After a break to spend time with children and grandchildren last week, we were back on the river for fishing on Thursday.  We launched at 8:30 and proceeded upstream.  According to the SPA (Southwest Power Authority) there was to be no generation all day.  Well, that turned out to be not correct or someone turned on a really big spigot, because there was significant flow.  We anchored and began a trying morning of fishing.  The current continually carried the lines downstream and we continually had to reset them.  On top of that, the wind really picked up increasing our frustration.  Fortunately for this guide, the fish underwater didn’t suspect what was happening on top.  Our guests were real troopers and carried on with various colors of bait, both Power Bait and Power Balls, and ended the morning with their limit.  Sometimes the catching is worth the trouble of the fishing!  


Oct. 20


Well, it was a stealth trip today :)   We received a phone call from the daughter of a couple who were making plans to celebrate their 36th wedding anniversary.  Since they were coming from Minnesota to Eureka Springs, and since they both love to fish, she had the perfect gift idea for them.  When they arrived in Eureka Springs, they were then allowed to open the mystery envelope.  They were delighted with the gift of a fishing trip because trout fishing was their favorite type of fishing, even after having experiences fishing in Alaska, Canada, and several northern states.  We launched at 9:00 a.m., not usually the very best time for limiting out, but hey, it's their anniversary and it was a long drive down here.  We left Houseman going upstream, really enjoying ourselves, and chatting a good part of the way.  We anchored and "released the Krackins” on those unsuspecting trout.  These folks pulled in fish after fish in no time, using both Power Bait and Power Balls.  It was interesting that a couple of other fisherman heard the giggles coming from our boat and came to our anchorage like bees after the honey.  We decided on some trolling for a different experience and looked over a couple of local sights of interest along the way.  What a great time!  They were planning on cooking at least a few slabs that evening, done up in a frying pan with onions and potatoes.   “Them's good eatin’!“ as some would say.  Tight lines and see you on the river.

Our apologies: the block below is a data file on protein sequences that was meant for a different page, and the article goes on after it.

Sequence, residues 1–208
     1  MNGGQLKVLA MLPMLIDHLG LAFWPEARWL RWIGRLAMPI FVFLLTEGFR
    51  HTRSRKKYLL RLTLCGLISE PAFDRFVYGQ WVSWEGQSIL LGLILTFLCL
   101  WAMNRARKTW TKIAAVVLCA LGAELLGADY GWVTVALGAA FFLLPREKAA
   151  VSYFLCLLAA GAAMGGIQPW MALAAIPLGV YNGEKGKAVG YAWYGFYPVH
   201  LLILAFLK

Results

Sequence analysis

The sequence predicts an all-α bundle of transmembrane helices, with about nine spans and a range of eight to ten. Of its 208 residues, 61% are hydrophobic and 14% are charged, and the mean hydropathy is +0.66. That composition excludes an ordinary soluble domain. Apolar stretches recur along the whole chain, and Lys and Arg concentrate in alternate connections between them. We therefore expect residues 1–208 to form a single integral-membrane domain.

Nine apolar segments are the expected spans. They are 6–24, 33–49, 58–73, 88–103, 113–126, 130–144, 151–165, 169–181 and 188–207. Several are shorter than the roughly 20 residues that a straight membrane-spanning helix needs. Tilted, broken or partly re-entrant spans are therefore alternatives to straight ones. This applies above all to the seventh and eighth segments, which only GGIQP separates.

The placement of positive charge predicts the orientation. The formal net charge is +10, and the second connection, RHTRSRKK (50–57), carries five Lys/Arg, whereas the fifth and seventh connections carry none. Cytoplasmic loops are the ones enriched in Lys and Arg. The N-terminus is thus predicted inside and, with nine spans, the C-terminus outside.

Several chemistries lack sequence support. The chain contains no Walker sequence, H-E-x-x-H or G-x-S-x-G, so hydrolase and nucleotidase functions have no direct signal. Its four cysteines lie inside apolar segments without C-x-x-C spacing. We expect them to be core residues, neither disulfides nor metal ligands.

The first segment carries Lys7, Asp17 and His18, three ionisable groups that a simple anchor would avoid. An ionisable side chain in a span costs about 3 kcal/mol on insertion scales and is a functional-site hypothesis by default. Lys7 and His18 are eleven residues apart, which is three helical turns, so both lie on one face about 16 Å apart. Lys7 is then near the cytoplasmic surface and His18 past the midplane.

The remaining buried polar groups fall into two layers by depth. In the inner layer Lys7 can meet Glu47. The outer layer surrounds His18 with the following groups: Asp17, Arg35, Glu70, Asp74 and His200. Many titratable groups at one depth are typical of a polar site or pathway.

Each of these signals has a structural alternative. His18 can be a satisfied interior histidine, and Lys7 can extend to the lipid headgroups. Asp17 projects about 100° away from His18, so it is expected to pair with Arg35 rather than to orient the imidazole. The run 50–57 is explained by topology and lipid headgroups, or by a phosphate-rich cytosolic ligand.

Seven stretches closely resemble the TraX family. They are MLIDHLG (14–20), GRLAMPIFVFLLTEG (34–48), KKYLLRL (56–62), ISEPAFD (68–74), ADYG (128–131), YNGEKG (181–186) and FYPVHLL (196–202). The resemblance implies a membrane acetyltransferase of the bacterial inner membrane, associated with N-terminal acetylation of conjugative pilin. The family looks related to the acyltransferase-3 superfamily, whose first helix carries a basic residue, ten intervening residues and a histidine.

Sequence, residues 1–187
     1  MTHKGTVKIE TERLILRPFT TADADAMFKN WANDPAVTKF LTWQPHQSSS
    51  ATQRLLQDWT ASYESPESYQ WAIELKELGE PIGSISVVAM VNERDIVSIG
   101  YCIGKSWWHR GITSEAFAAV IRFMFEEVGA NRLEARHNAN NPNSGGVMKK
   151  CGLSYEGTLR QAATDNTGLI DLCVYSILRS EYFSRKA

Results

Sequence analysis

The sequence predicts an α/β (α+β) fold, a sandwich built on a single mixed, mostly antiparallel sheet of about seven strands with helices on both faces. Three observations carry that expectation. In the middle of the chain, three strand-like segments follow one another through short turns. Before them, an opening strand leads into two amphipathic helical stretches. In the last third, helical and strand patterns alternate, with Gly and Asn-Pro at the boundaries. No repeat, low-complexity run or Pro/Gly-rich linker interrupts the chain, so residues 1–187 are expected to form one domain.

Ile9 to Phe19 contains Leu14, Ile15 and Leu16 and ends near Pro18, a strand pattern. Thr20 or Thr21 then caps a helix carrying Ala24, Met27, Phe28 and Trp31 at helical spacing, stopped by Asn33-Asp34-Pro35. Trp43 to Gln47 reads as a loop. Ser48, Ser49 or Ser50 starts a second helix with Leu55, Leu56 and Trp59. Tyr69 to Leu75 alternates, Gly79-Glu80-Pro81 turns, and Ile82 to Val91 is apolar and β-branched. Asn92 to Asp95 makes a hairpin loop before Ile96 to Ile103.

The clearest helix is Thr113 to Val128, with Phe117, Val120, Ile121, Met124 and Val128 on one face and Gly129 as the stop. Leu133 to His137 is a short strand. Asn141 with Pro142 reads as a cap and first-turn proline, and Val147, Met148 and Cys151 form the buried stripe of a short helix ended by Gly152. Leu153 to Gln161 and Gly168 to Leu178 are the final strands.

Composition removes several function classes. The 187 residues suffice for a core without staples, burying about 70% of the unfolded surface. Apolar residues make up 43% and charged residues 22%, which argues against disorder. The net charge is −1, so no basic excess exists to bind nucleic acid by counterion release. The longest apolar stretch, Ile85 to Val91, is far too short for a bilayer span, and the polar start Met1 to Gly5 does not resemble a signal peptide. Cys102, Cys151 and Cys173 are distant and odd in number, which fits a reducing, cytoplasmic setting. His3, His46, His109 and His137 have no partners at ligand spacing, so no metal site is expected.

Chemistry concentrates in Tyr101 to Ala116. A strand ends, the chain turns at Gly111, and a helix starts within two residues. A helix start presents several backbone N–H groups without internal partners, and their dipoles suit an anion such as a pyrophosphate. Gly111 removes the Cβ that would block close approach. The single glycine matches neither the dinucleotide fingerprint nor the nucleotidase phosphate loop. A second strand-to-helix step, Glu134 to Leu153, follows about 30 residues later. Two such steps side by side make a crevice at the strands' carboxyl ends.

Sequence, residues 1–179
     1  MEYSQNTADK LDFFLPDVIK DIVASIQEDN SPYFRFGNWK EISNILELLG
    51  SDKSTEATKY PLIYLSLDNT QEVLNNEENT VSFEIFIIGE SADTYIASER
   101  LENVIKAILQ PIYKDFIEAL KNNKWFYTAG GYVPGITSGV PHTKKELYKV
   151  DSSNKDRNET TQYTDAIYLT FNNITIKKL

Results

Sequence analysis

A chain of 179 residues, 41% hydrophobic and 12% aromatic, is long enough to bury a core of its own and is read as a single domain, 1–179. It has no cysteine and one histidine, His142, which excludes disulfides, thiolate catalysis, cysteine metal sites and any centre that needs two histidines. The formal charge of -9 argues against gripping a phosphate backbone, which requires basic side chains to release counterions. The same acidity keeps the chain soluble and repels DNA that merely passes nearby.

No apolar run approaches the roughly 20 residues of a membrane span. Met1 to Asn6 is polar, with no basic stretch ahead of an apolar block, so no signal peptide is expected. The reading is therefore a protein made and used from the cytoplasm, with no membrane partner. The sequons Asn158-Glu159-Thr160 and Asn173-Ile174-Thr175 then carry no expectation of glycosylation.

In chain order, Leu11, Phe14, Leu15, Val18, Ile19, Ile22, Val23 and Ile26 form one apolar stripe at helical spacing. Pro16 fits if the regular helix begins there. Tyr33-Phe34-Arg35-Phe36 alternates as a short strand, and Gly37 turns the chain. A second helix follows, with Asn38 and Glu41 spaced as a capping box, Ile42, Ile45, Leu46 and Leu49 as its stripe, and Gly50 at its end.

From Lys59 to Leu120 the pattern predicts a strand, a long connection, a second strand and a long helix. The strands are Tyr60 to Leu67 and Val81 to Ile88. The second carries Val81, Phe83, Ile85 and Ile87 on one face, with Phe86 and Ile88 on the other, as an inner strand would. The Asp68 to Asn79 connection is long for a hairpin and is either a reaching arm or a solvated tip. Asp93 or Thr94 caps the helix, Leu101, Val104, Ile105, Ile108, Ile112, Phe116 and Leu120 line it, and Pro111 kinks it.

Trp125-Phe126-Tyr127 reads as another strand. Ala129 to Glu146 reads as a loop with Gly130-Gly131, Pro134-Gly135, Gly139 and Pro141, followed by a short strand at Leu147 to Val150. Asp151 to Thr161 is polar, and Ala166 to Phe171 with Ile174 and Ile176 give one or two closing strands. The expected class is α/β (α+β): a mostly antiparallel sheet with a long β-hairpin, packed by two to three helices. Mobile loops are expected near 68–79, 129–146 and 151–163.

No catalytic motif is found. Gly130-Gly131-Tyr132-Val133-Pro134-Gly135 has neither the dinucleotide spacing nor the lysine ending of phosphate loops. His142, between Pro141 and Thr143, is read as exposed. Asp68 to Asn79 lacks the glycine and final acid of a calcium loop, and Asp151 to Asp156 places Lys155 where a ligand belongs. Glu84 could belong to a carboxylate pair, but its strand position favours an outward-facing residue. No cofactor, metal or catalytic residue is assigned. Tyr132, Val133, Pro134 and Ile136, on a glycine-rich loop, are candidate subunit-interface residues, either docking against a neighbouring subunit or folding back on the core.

We are headed north to help look after some of our grandkids for a while, so the posts will be curtailed for several days.


Oct. 18 Report

We launched at cold-thirty on Tuesday morning.  Actually it was 7:30, and the temperature was a brisk 39 degrees.  We proceeded upstream at a modest rate so as not to induce hypothermia in our guests.  We were graced with some beautiful scenery.  The leaves were beginning to change; along the river they seem to change first.  A beautiful eagle landed on a tall dead tree, and beneath that we saw a deer and her fawn.  Afterwards we saw a few blue herons, so we knew the experts were after the fish.  We anchored and proceeded to land fish.  The bets were on for the First, Largest, and Most.  The competition was so close that we decided to troll for a bit.  It turns out it was a long bit, but the reward was a really nice rainbow.  Our guests were camping with three other couples and they were taking turns cooking great meals.  It was our guests’ turn, and someone else offered to cook the fish if they were lucky enough to land something.  All will be surprised with a limit of really fresh trout for dinner tonight.  Tight lines and see you on the river.


Oct. 16 Report


We launched at eight due to the cold and the early morning generation.  It was 38 degrees when we launched and the fog was thick as pea soup, as the saying goes.  A water temperature in the high 50’s and an air temperature in the high 30’s make for lots of condensation.  We went upstream and anchored for some bait fishing, but the current was too much so we elected to troll.  We didn’t do any good trolling so went back to anchoring and had to continually reset the lines due to the current.  I have no idea as to why the SPA had to generate for two hours in the morning.  Their advertised two hours actually worked out to about 4 hours.  Fishing was great, we had the river to ourselves and good company.  Catching was terrible; it was close to the worst day of my guiding career.  On the positive side, my guests used open-faced spinning reels for the first time, and the lady learned how to cast them.  She was a pro by the end of the trip.  The gentleman kidded her about throwing away her Zebco.  They both decided they liked the braided line better than the monofilament.  For the cherry on top we caught a slot and had to release it.  It would have been easier had we caught a slew of rainbows and had to release one instead of catching a few and having to release one.  Regardless, we made sure they left with plenty for a good meal.


Oct. 14 Report